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Felix Mormann, Clean Energy Federalism

Abstract Legal scholarship tends to approach the law and policy of clean energy from an environmental law perspective. As hydraulic fracturing, renewable energy integration, nuclear reactor (re)licensing, transport biofuel mandates, and other energy issues have pushed to the fore front of the environmental law debate, clean energy law has begun to emancipate itself. The emerging […]

John Leubsdorf, The Surprising History of the Preponderance Standard of Civil Proof

Abstract Although much has been written on the history of the requirement of proof of crimes beyond a reasonable doubt, this is the first study to probe the history of its civil counterpart, proof by a preponderance of the evidence. It turns out that the criminal standard did not diverge from a preexisting civil standard, […]

Annemarie Bridy, Internet Payment Blockades

Abstract Internet payment blockades are an attempt to enforce intellectual property rights by “following the money” that flows to online merchants who profit from piracy and counterfeiting. Where corporate copyright and trademark owners failed in the legislature and the judiciary to create binding public law requiring payment processors like MasterCard and Visa to act as […]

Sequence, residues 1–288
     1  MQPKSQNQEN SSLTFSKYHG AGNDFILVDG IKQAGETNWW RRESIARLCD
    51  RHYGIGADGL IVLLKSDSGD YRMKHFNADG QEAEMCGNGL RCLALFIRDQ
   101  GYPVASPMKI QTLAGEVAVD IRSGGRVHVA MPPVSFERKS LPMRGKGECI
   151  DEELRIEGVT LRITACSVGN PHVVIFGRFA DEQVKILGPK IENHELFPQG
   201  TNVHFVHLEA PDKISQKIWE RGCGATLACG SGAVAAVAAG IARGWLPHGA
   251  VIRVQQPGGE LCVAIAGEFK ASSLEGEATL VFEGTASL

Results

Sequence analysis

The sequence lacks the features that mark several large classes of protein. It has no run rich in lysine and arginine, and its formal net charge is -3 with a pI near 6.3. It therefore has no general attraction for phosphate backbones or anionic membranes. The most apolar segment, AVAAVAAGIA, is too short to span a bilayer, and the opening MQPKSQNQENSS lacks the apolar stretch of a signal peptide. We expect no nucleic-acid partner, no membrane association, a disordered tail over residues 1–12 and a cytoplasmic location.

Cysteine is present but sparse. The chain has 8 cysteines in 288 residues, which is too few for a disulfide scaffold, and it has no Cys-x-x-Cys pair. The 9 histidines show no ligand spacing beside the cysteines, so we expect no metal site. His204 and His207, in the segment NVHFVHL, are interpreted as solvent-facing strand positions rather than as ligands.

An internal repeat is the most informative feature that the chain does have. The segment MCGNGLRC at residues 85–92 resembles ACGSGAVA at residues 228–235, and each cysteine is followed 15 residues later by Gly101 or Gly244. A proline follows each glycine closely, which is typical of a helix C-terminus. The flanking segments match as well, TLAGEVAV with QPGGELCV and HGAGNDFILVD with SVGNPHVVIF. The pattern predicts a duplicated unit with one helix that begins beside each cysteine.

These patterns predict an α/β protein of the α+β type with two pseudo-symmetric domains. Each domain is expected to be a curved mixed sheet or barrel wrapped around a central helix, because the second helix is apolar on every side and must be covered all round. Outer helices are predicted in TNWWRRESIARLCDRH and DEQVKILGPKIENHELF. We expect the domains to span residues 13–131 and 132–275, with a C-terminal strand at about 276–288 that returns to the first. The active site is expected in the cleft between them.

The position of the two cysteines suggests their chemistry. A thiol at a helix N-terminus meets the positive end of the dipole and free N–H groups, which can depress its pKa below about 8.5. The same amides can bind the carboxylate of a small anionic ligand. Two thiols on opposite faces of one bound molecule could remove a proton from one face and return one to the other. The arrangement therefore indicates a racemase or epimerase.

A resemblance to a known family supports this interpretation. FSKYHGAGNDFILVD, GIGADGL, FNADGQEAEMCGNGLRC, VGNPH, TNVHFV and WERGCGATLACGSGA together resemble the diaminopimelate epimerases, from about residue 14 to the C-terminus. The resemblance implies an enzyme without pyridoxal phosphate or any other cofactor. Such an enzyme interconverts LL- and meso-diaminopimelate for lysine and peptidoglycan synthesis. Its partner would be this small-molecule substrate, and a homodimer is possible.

Vitaliy Kats, Because, the Internet: The Limits of Online Campaign Finance Disclosure

During the 2011–2012 election cycle, Shaun McCutcheon contributed $33,088 to sixteen different candidates for federal office.  McCutcheon’s donations complied with the base limits the Federal Election Commission (FEC) set for contributions to individual candidates.McCutcheon wanted to contribute more but was barred by the FEC’s aggregate limit on contributions.In June of 2012, McCutcheon and the Republication […]

Stephen Carr, Class Actions Removability and the Changing Business of the Supreme Court: Dart Cherokee Basin Operating Co. v. Owens

Problems of appellate jurisdiction are, by their nature, mainly pragmatic problems. The U.S. Circuit Courts of Appeals are forced to balance the need to provide timely, effective appellate review of district court decisions against the understandable desire for judicial economy.In addition to this inherent tension between fairness and economy, the law is constantly evolving, causing […]

Cole Barnett & Chris Weeg, Intervention in the Tax Court and the Appellate Review of Tax Court Procedural Decisions

The Tax Court is an Article I court. It resolves more than 95% of all tax-related litigation—actually nearly 97% of the total federal tax docket in 2012. Despite this substantial role in federal litigation, scholars and courts have generally put aside the issue of what standard is appropriate when a U.S. federal court of appeals […]